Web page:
Labor Day: Human Work Has Been Raised to the Grandeur of God
The dignity and honor of human labor is clearly revealed in the sacred humanity of Jesus Christ
When God Incarnate entered into our created world, he sanctified humankind and the labor in which men engage in order to shape creation. It is in gazing through the supreme lens of the consummation of God's revelation, the Person of Jesus Christ, that the divine light of truth is thrown upon human labor. Its sanctity and dignity is then revealed, opening a doorway in which human labor is seen as a participation in God's work.
The Catholic understanding of labor is, however, very different from the way in which it is commonly understood in today's highly secularized society. In order to understand human labor in its fullest sense, it is necessary to begin with the human person. It is precisely at this point, at the inviolable dignity of the human person whose life is both created and sustained by God, that the Church draws her understanding of everything that has to do with human rights and society itself. Therefore we never look at the human person in isolation, as an entity unto himself, but rather in context with the Creator who graciously willed him into existence through a superabundance of love.
Reflect for a moment on where we have derived our being and life: God has willed to create man, and in so doing, has created man in his image and likeness, endowing him with spiritual powers of intellect and will. Man is therefore an "outstanding manifestation of the divine image," the "only creature on earth that God has willed for its own sake" (Gaudium et spes 17, 24). The Catechism of the Catholic Church teaches us that "The human person participates in the light and power of the divine Spirit" (1704). These truths and concepts of our existence are, indeed, truly magnificent.
Jesus Teaches Us To Appreciate Work
Further, the moment we reflect on the human person, we are immediately led to the Person of Jesus Christ, who entered into our created world and became man, like us in all things except sin. We cannot think of the human person apart from Christ, for a proper understanding of the human person is inseparable from the sacred humanity of the Savior of humankind. And it is no different with human labor: the full dimension of man's work is revealed and contained in Christ himself.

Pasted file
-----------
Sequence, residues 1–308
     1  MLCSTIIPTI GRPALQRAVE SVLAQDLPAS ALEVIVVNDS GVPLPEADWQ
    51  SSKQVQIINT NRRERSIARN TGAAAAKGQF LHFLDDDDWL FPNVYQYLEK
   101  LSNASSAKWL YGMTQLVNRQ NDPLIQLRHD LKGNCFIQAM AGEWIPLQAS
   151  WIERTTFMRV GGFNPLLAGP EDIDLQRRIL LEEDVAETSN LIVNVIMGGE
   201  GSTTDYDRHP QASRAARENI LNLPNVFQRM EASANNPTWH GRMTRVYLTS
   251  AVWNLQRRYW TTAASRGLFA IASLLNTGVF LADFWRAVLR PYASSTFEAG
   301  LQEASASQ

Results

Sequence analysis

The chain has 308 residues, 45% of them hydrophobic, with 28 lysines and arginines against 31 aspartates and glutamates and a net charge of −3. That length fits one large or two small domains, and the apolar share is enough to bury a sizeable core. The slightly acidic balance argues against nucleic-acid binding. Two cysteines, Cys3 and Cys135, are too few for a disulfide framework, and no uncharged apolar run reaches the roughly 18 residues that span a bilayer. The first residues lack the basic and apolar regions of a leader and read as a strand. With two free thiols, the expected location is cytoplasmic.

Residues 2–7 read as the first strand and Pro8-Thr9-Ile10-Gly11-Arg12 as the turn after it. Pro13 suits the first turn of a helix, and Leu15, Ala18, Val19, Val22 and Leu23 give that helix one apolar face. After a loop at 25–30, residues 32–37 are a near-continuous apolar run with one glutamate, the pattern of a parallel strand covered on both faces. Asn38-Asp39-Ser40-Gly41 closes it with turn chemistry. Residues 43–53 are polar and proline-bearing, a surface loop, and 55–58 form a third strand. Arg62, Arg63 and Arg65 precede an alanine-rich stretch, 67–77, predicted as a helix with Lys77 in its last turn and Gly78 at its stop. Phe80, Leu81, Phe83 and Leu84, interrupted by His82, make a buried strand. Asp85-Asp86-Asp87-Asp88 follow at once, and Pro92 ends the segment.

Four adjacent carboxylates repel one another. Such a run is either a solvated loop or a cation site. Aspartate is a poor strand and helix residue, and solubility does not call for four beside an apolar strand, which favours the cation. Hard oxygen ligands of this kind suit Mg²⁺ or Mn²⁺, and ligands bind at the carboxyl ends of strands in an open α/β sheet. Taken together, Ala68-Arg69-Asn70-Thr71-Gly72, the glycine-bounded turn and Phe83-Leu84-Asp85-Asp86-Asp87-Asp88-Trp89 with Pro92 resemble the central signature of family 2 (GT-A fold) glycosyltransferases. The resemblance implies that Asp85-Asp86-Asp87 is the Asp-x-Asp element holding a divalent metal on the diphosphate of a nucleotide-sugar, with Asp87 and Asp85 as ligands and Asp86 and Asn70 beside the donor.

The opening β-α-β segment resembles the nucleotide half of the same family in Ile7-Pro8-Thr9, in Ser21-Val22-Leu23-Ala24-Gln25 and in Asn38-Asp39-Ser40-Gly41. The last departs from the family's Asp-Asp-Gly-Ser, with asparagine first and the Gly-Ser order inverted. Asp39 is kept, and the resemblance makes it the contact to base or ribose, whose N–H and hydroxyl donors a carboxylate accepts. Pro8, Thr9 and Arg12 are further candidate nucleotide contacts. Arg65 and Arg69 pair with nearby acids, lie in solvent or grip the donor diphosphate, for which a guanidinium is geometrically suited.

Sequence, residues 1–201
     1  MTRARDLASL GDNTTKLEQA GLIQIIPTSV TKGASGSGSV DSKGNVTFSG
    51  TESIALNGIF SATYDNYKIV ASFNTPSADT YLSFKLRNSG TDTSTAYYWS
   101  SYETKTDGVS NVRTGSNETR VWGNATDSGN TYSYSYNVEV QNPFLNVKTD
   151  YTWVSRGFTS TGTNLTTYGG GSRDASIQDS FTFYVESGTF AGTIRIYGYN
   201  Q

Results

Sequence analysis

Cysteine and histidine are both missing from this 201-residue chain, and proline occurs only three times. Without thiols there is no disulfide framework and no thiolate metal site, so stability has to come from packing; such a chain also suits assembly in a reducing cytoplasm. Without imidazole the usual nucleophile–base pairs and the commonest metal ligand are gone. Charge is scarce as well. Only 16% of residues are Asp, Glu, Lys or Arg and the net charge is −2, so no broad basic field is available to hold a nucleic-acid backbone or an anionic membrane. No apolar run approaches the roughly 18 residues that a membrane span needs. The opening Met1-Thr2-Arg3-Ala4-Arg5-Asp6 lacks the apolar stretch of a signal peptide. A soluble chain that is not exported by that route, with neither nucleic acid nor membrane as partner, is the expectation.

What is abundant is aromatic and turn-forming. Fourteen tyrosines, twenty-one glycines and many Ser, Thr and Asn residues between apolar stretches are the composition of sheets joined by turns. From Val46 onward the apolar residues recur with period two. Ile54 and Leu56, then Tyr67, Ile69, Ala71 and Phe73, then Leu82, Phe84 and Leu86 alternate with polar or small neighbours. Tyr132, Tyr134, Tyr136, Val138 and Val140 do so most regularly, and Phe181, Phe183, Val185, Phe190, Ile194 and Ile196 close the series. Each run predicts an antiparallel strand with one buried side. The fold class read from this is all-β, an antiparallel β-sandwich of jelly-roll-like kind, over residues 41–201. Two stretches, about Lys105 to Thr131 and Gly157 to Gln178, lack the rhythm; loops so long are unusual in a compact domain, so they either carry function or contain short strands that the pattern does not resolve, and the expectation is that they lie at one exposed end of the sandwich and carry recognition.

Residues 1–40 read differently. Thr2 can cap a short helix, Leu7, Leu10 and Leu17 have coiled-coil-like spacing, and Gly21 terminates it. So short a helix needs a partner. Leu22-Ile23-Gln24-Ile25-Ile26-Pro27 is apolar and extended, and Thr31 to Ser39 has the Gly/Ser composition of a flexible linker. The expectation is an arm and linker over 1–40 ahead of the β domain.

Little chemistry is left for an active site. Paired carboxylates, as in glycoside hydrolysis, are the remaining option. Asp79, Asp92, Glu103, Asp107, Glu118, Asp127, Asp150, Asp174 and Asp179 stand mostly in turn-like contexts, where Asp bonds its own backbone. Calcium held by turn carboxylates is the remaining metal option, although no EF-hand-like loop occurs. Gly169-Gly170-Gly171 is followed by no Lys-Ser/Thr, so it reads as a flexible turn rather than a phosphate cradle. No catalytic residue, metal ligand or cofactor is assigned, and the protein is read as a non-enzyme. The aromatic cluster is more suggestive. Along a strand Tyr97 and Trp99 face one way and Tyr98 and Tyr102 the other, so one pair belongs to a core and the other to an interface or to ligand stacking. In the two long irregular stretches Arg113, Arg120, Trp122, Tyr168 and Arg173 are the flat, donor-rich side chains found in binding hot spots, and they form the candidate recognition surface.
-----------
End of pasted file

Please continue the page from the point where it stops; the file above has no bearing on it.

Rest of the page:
As we reflect on the dignity and honor of labor, we are drawn to the tranquil setting of Nazareth and the Holy Family: here, in St. Joseph's carpenter shop, we imagine the young Jesus with mallet in hand, his foster father directing him from behind, guiding his blows as he learns to carefully strike a freshly honed chisel in just the right manner and with just enough force to properly shape the wood. Soon, the Blessed Mother enters, sets a flagon of cool water on a wooden bench, and delicately kisses the young Jesus on the forehead. The work stops. The tools are set aside. She smiles and kneels beside her Son.
Mary, ever-Virgin and ever-sweet, carefully looks at her husband's and Son's work. The conversation is soft, peaceful and meaningful. There is a grace infused joy that permeates the air. After a cool drink, the Holy Family enters into prayer, adoring and praising the Father for his boundless graces and love. Then, the young Jesus again takes up his mallet.
Blessed John Paul II observed that Jesus, having "become like us in all things, devoted most of the years of his life on earth to manual work at the carpenter's bench" (Laborem Exercens 6). The Compendium Of The Social Doctrine Of The Church reminds us that, while man is not to be enslaved by work, since before all else he must be concerned about his soul (260), during Jesus' preaching and life he teaches us to appreciate work (259). Our Lord labored tirelessly during his earthly ministry, freeing men and women from sickness and death, and accomplishing powerful deeds of mercy (261).
When God Incarnate entered into our created world, he sanctified humankind and the labor in which men engage in order to shape creation. It is in gazing through the supreme lens of the consummation of God's revelation, the Person of Jesus Christ, that the divine light of truth is thrown upon human labor. Its sanctity and dignity is then revealed, opening a doorway in which human labor is seen as a participation in God's work. And indeed it is, for God has willed to exercise his divine power through man: God sustains us and infuses us with the energy and grace to freely and actively take part in accomplishing his divine plan for mankind. We are not outside observers. We are free instruments of God's power and will.
Work and Toil and Miserly Soil
Some see work as a curse. ...
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